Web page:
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Illegal financial risks being tackled

By Li Xiang and Cheng Yu | China Daily | Updated: 2018-03-21 10:25
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Premier Li Keqiang speaks to reporters during a news conference at the Great Hall of the People in Beijing on Tuesday.[Photo by Feng Yongbin/China Daily]

To prevent risks from spreading in the financial system, China will toughen its crackdown on illegal fundraising and irregular financial activities that dodge regulations, Premier Li Keqiang said on Tuesday.

Li described illegal and risky practices by some financial institutions as "blisters". He struck a resolute note that they need to be cleaned up to forestall financial risks.

"A blister needs to be pricked when necessary," Li said at a news conference after the conclusion of the first session of 13th National People's Congress. "Otherwise, a small problem may spread, and it will involve moral hazard."

The premier was responding to a question about the latest measures taken by the country's financial regulators against some insurance companies and financial institutions and whether the chance of loss associated with these companies would set off systemic financial risks.

Li said China is capable of preventing systemic financial risks, given the country's sound and stable economic growth.

The capital adequacy ratio and provision coverage ratio of the Chinese banking sector are higher than required by international standards, Li said. Banks must also put aside reserves worth about 15 percent of total deposits, meaning the banking sector has more than 20 trillion yuan ($3.16 trillion) as reserves, the premier said.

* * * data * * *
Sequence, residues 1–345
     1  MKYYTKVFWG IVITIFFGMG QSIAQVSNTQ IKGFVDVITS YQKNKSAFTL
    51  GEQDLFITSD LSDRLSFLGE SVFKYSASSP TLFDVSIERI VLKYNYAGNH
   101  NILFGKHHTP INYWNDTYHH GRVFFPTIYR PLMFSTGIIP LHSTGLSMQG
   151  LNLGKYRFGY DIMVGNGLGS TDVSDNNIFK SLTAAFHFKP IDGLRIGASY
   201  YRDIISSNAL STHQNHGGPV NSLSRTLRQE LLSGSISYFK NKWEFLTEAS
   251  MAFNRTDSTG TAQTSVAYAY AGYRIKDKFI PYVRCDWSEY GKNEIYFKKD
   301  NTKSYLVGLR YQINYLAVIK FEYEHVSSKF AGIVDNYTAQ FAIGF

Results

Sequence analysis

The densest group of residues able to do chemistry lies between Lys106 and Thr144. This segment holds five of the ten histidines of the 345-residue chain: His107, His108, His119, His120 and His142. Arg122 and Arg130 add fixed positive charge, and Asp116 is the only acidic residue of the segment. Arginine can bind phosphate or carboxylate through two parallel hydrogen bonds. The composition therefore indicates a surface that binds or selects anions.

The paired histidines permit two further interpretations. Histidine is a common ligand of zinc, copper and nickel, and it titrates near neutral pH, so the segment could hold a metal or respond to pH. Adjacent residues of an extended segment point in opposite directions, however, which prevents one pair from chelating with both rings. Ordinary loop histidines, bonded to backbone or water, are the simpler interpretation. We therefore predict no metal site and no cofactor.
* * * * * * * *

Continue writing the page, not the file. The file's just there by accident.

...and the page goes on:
Meanwhile, the central government's robust fiscal revenue growth will offer it sufficient tools to stem economic growth and address risks from domestic and international markets, the premier said.

The central government saw higher-than-expected revenue last year, Li said, adding there was double-digit revenue growth in the first two months of this year.

"We are confident we will achieve major growth targets this year and are upbeat about future development," the premier said.

In addition, the government will continue to lower its fiscal deficit to GDP ratio. But it does not mean any change in the country's proactive fiscal policy stance, as the government is expected to spend more this year than last year, Li said.

The move by the government to lower deficit targets reflected the country's solid growth, which has supported a steady increase in total revenue, said Martin Petch, a senior credit officer at Moody's Investors Service.

"The overall fiscal impulse remains sizable, supporting GDP growth and leading to a gradual increase in government debt. Key fiscal measures include reducing fees and taxes for companies and individuals and increased spending on social welfare, environmental protection and poverty alleviation," Petch said.

To pave the way for further economic growth, Li also said on Tuesday that China will push forward its protection on property rights of all business entities.

"Businesses under all types of ownership, whether they are State-owned or private enterprises, have made important contributions to China's economic growth in the past decades," Li said. The private sector has contributed nearly half the country's tax income and 90 percent of new urban employment, Li said.

The premier said that the country will instill confidence in all property owners, including investors and companies under all types of ownership, by reassuring them of their legitimate property rights.

"Property rights are the cornerstone of a socialist market economy. Protecting property rights is protecting productive forces," Li said.

Intellectual property also will be better protected, Li said in the news conference.

"The private sector in the future will become more market-oriented, regulated and internationalized with growing competitiveness in the world," said Liu Xiangdong, researcher at China Center for International Economic Exchanges.

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